7.  With my personal interest and experience, I have been able attend and participated in numerous local, regional and national conferences and other meetings on this subject. Examples include the London National Launch of the Commission for PPIH, a meeting of Forum members convened by the Surrey & Sussex strategic Health Authority, and the Opinion Leader Research conferences on the options arising from the Government decision to dismantle CPPIH. For these I have often submitted a contribution for discussion, and afterwards prepared notes and circulated them amongst a network of other enthusiasts and contacts.

  8.  Recently I have summarised much of my thinking into three documents: The NHS Challenge—The Case for a Fresh Approach, Making the Mission Possible, and LINks and the Department of Health. These have been used as the basis for answering in Section 4 the questions posed by the Select Committee. Only the last of these three documents has been included with my submission as a reference document. It is little changed from the original dated 27 January 2005, which was sent shortly afterwards to Mr Meredith Vivian, Head of PPI at the DoH. His reply dated February 16 was rather interesting. "Thanks for your comments and attachments. I do find your comments most helpful and thought-provoking. Re the transition board. What we have in place is a programme board comprising those organisations which have specific responsibilities around the delivery of PPI arrangements. It is a board to oversee the strategic direction of how we implement the ALB Review—it is not there to provide insight into the operational aspects or to oversee the transition from A to B. We do have plans to ensure that on all the work streams to deliver the ALB Review we have forum member input and I am sure you will hear more about these in due course. Re the timescale issue. Without primary legislation there is very little we can do to speed matters up. The CPPIH remains in place to deliver its statutory functions and until another body has those functions they cannot be handed over. What we can do in the meantime is make sure that we develop as effective a set of new arrangements as is possible—also making sure there is enough time to put them in place prior to CPPIH abolition. I know this will mean that in the short term we may have to make the best of less than ideal arrangements but I am sure we are wise to take our time and get the best long-term system in place. Thanks again for your comments, kind regards, Meredith Vivian, Head, Patient and Public Involvement".

  This provides an interesting backdrop to the lack of progress in the past two years.

  9.  In addition to the document referred to above, I have attached "Post-Forum Teams and the Chairman Role". This was prepared in response to a request for suggestions on how to appoint a chairman for a PCT Forum, recently enlarged to match the PCT mergers. This outlines one way of involving many more people in the PPI experience, as the DoH itself is now suggesting. The LIT approach has been used when setting up teams to discuss and then make plans and recommendations for each of the Government standards of the National Service Framework for Older People. A similar approach would be helpful in addressing the National Programme Budget Project, which considers the treatment of 21 major diseases as the realistic targets to be met.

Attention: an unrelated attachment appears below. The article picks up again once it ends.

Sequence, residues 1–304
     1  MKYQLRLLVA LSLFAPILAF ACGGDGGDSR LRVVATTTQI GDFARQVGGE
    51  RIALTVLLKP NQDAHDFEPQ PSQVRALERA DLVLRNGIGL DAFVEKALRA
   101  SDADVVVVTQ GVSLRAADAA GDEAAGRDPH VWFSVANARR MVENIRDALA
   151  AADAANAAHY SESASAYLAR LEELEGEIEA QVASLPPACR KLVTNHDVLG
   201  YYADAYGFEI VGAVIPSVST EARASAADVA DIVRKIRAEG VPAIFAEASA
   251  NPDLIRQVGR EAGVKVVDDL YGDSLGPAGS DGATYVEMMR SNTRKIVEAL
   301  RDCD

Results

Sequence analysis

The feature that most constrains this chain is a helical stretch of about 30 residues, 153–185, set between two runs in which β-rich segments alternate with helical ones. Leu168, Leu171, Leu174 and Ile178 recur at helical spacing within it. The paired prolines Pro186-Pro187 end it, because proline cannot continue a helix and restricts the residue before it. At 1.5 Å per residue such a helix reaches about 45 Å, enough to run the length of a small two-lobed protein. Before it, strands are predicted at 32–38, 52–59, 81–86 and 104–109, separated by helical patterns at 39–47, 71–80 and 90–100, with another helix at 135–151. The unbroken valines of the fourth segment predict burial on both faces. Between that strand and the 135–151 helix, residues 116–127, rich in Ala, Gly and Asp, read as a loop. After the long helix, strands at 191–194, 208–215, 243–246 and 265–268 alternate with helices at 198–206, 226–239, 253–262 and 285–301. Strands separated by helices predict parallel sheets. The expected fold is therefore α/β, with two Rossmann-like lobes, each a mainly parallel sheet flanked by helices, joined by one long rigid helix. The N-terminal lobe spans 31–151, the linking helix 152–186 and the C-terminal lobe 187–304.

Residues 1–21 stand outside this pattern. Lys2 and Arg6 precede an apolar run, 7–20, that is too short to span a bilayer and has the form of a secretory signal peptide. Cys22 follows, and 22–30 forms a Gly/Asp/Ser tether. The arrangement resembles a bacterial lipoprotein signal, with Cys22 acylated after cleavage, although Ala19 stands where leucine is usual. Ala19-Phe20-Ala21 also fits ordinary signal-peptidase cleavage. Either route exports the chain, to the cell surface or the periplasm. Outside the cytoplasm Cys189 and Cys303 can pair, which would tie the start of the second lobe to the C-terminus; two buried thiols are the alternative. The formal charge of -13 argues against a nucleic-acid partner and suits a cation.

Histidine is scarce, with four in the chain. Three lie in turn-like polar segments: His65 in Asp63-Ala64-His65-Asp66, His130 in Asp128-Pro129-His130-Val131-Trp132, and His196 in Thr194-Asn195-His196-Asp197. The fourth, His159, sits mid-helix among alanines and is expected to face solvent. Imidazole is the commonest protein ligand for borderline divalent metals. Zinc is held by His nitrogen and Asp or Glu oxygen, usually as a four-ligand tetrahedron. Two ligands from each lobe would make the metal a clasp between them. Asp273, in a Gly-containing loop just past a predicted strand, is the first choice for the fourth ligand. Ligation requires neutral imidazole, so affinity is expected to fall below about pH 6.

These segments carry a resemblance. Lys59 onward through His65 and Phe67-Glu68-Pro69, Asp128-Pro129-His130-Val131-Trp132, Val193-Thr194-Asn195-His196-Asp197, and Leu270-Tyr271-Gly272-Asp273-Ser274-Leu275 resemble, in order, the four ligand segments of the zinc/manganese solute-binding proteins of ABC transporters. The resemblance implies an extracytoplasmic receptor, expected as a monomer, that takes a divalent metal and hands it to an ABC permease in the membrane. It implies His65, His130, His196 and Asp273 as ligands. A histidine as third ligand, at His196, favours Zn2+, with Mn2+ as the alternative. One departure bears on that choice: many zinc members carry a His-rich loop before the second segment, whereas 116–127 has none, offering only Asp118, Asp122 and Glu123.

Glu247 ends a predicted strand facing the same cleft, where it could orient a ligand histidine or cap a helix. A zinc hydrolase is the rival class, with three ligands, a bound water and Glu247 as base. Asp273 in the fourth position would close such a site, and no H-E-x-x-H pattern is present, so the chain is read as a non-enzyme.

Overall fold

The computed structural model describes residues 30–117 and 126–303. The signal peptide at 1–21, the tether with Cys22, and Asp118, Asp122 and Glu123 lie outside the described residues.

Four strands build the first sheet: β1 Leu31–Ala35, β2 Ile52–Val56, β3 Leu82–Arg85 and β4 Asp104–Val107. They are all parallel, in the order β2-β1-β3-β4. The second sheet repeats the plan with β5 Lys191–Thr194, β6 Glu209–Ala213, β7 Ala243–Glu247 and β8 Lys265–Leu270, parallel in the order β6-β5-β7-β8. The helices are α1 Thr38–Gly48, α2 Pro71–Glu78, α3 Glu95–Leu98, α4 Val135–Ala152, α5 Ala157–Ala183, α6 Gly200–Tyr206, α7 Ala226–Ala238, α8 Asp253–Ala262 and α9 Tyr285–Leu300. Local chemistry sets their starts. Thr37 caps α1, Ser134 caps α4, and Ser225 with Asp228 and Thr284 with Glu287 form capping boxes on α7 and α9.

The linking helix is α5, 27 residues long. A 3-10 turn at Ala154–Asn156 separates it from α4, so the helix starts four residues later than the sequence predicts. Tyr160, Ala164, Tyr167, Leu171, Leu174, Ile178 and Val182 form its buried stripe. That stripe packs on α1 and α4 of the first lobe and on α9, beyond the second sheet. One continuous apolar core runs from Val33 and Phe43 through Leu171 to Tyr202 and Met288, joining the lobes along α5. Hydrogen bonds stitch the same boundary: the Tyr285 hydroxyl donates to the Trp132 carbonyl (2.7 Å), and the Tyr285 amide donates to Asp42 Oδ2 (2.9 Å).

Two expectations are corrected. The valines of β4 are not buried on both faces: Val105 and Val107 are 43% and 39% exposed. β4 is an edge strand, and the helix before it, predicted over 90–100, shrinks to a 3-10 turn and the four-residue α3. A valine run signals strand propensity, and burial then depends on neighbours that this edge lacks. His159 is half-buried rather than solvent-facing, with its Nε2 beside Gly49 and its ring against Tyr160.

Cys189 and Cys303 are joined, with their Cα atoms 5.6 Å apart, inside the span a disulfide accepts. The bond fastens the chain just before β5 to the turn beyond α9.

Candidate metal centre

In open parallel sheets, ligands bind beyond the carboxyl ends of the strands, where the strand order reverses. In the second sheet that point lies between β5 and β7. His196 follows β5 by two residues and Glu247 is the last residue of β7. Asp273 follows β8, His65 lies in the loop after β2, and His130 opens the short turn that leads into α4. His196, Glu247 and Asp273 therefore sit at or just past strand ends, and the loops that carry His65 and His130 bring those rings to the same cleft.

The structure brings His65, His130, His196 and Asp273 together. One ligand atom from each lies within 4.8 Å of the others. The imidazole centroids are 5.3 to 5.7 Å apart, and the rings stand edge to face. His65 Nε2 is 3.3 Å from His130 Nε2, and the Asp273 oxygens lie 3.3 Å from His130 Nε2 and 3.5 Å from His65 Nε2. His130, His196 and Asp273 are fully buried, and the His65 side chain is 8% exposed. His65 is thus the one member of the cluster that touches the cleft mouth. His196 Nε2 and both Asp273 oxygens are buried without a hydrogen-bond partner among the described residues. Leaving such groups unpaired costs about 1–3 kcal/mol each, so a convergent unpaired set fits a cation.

10.  I know that the Surrey 50+ Group (formerly Better Government for Older People) has some 450 members who would like to play some part; and the former West Surrey Health Authority had a database of 600 local organisations (mainly voluntary) with a similar interest. This illustrates both the complexity of the challenge, and the source of willing helpers.

  11.  I am also aware of the DoH's July 2006 publication Health Reform in England—PP Engagement in Commissioning, and the Conservative Party's proposal Health Watch. Both use a new expression "engagement". I refer to verbal transformation later, but for the present will use the Government proposed expression LINks, which also appears in the Select Committee's terms of reference, although this is not yet on the statute book.

  12.  The Committee's terms of reference also refer to the NHS only. I accept the Government's latest view that the subject is wider than that, covering as it does healthcare provided by the Social Services, another clear responsibility of the DoH. The LINks proposal actually goes much further. It considers the "locality" as the geographical area covered by a local authority with social service responsibilities. This may be one way of resolving the "co-terminosity" dilemma, but also illustrates how a concept such as Bringing the NHS closer to Home develops, first into Care in the Community, and then an attrition of the role of acute and community hospitals, by removing PPIH from the NHS agenda, and placing the burden and responsibility for healthcare on the Social Services and the voluntary sector. My objection to such gradual easing in new meanings does not imply any opposition to progress, such as the concept of super A & E departments, but I do consider that changes made for scarcely-concealed financial reasons may not by in the public interest, which is at the heart of PPI.

  13.    The Select Committee's report on NHS Finances included numerous references in the evidence to "local area", but I can find no definition of the expression. I believe that an essential component in the overall healthcare system still is secondary hospital care, in what used to be referred to as district or general hospitals (and intermediate care provided by PCTs in community hospitals). From this, I would define a local health economy as being centred on a NHS Hospital Trust, with one or more hospitals, or a Foundation Trust hospital, serving the same purpose; funded by one or more PCTs; working in conjunction with Social Services covering the same geographical area; and supported by some part of a Mental Health Partnership and Ambulance Service Trust. This has proved to be a practical and manageable concept in the past, and I see no reason for changing it on the grounds such as economy of scale. It has been used in considered detailed responses to the Select Committee's questions, in Section 4.